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But before this paramount number could be reached, Top Fuel had to figure out what tranny configuration would work best with the time attack setup they wanted. They eventually settled upon a gearbox that would make the average Honda enthusiast go nuts. Sometimes, when money fails to be an issue all rational reasoning goes right out the window. During a brainstorming session, with the transmission completely disassembled in front of them, crazy thoughts were soon thrown around at will.

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The next morning calls were made, parts fabricated, and the donor car next door had all of its useable organs removed. When the surgery was complete, the guys had a transmission more mixed than Halle Berry, and stronger than her Hollywood sex appeal. It all starts with that funky shift knob. HKS came to the rescue again, this time in the form of a five-speed sequential gearbox from, of all things, a Silvia S15! Not an easy feat, I assure you. The only way they could get it to finally match up was by using a triple-plated OS Giken clutch and a lot of gearbox calibrations. To give it that unique Halle Berry style rearend, the boys decided to try out a limited-slip differential from a Mazda RX-7. This "beautiful abomination" works better than they ever expected, and amazingly, they have had very few problems with the car's transmission over the past three years.

Zeal's Super Function R coilovers headline the groundwork and, with the help of some remote dampers, the RR sits a few inches closer to the asphalt. Following the coilovers is that bucket-load of easily adjustable Ikeya parts that keep fine-tuning points in check during track time. Nakagawa-san was so impressed with this company's products that he slapped on their entire line of undercarriage goodies for the RR. Pillow ball arms sit alongside camber, toe, and roll center adjusters; and together they add all of the extra assertion needed to keep the carbon Koi fish firmly grounded during competition. I was surprised to find that every single one of these bushings from Ikeya Formula is finished with a special Japanese alloy that never seems to crack. Very cool.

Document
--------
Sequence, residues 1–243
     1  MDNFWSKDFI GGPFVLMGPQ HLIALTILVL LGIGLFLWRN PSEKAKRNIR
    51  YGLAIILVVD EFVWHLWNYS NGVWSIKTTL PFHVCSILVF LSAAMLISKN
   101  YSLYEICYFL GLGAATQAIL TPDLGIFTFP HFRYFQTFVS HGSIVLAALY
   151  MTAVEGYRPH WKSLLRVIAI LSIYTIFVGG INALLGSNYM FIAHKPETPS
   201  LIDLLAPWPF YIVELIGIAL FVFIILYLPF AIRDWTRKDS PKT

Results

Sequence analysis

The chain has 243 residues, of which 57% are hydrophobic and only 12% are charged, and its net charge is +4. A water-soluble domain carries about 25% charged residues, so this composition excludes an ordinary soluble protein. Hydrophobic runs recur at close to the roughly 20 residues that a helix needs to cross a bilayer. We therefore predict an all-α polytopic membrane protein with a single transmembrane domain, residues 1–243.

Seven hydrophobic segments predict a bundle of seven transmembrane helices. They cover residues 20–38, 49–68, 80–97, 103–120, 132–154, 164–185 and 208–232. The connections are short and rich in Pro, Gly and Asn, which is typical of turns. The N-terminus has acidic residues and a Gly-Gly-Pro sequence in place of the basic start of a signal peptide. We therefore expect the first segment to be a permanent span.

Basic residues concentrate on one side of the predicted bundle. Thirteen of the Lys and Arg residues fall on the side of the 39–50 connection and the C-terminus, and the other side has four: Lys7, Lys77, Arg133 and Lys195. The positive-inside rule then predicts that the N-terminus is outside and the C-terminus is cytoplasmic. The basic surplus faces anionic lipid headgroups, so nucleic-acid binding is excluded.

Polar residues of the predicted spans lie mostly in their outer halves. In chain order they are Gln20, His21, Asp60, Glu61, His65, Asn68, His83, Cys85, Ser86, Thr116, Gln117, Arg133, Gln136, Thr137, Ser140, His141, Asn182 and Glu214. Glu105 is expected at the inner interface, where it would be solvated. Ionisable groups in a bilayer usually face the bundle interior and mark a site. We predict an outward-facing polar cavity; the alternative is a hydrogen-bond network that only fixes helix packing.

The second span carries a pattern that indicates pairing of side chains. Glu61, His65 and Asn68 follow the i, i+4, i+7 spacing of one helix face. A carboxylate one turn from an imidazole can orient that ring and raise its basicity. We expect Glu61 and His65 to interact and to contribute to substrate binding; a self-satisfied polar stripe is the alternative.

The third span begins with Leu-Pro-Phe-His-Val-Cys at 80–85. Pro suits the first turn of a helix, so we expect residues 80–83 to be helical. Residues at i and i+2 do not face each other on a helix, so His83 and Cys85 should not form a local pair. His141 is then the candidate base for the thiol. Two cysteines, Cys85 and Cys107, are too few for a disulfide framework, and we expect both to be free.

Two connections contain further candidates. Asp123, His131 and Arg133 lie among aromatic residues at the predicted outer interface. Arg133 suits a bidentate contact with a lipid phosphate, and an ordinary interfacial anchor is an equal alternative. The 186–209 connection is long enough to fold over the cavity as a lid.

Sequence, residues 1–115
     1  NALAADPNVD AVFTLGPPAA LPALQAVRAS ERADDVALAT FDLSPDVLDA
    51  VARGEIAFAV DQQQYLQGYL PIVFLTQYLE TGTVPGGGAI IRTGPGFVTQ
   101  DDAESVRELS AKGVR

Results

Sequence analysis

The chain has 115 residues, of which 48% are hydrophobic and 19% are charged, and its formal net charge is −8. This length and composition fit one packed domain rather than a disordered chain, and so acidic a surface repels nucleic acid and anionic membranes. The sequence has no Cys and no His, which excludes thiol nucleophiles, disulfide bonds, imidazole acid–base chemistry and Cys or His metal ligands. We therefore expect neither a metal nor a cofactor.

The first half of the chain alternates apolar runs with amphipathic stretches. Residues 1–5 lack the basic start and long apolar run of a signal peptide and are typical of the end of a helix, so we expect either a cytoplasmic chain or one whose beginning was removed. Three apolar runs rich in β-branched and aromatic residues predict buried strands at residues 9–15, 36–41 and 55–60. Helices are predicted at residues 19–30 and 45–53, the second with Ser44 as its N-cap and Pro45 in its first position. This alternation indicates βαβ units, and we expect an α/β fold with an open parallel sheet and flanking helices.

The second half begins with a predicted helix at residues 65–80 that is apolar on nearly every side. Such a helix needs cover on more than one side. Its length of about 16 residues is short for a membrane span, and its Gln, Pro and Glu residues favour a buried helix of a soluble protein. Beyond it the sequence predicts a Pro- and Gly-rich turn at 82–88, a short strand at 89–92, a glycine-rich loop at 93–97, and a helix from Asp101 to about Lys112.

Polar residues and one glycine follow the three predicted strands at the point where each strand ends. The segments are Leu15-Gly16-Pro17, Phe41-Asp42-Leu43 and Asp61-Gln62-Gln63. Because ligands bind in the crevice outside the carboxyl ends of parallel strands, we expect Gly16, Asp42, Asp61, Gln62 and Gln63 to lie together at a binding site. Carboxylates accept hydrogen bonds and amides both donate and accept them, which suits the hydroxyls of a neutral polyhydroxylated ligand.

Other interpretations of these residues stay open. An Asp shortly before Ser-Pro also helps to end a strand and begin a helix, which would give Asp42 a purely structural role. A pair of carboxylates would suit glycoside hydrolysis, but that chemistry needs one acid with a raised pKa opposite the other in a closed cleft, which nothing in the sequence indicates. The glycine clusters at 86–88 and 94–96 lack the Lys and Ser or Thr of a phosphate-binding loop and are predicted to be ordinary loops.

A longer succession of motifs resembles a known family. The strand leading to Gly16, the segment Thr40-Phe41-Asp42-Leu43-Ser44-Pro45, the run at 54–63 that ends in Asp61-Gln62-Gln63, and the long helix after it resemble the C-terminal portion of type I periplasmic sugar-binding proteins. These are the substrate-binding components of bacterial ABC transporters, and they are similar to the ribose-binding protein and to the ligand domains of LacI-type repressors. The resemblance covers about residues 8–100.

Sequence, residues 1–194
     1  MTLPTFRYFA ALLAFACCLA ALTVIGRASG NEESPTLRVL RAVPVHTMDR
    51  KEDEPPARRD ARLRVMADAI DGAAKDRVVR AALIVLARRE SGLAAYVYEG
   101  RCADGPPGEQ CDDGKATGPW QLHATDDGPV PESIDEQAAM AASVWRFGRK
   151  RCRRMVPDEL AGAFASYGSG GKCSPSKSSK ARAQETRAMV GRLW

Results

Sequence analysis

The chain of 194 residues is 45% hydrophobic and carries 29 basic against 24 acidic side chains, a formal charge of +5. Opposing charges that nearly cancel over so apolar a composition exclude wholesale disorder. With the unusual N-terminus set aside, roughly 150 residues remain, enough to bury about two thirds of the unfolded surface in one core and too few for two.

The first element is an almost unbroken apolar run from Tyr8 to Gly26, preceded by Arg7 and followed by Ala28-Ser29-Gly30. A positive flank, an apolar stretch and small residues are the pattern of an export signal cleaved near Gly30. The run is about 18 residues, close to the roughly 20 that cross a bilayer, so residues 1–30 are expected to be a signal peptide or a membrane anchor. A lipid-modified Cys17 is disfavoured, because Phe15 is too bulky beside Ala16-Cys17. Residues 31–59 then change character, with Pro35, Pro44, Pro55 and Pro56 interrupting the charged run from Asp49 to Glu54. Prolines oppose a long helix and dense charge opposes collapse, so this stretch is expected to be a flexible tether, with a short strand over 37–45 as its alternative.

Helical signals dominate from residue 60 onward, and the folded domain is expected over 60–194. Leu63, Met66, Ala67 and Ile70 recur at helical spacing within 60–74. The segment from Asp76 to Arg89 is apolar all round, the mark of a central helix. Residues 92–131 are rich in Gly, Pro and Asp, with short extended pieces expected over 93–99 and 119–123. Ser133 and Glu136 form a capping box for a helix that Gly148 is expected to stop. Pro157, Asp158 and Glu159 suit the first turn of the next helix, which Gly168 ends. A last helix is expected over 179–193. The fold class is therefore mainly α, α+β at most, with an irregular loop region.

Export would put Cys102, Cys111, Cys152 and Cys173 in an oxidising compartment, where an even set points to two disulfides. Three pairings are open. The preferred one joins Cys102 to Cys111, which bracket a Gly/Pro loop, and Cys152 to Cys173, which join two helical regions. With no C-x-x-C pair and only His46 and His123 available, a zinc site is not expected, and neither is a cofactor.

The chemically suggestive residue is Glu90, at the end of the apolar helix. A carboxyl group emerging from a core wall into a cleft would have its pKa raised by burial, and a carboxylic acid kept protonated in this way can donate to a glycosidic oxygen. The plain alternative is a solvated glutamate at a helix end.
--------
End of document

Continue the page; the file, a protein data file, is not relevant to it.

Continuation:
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Note the RR's brake setup, there's nothing fancy or impractical here; just a solid black setup brought courtesy of Brembo's F50 big brake kit. This ultimate setup was achieved by teaming 340mm slotted Brembo rotors in the front, and two 330mm "mini" versions in the rear. Custom stainless steel lines pump juice from the master cylinder, and the car still retains the factory ABS system. They even rerouted everything ABS related to the cabin, where Hirano-san says it gives better weight distribution. He doesn't care about a few extra kilograms of dead weight and a few lost horsepower in a car that's consistently making numbers in the 600hp range. Sometimes it's small things like having the right combination of wheels and tires, or properly using a factory ABS system that brings about victory in a time attack race. Speaking of wheels, a set of "Mary Poppins white" Advan RGII wheels sit at all four corners. Legendary Advan AO48 sticky compounds ensure maximum adhesion under fire.

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When I asked if Nakagawa-san gets to occasionally hit the track in the RR he quickly shook his head and said that he is not a time attack driver in the AP1. The team racing driver is the only one who gets to enjoy the unrestrained power lurking beneath the carbon bonnet of the RR. Cars like this are far from street legal, and in Japan, the authorities are a lot stricter than in most other countries. Even firing the car up for a quick spin-out could be grounds for immediate disqualification from future races!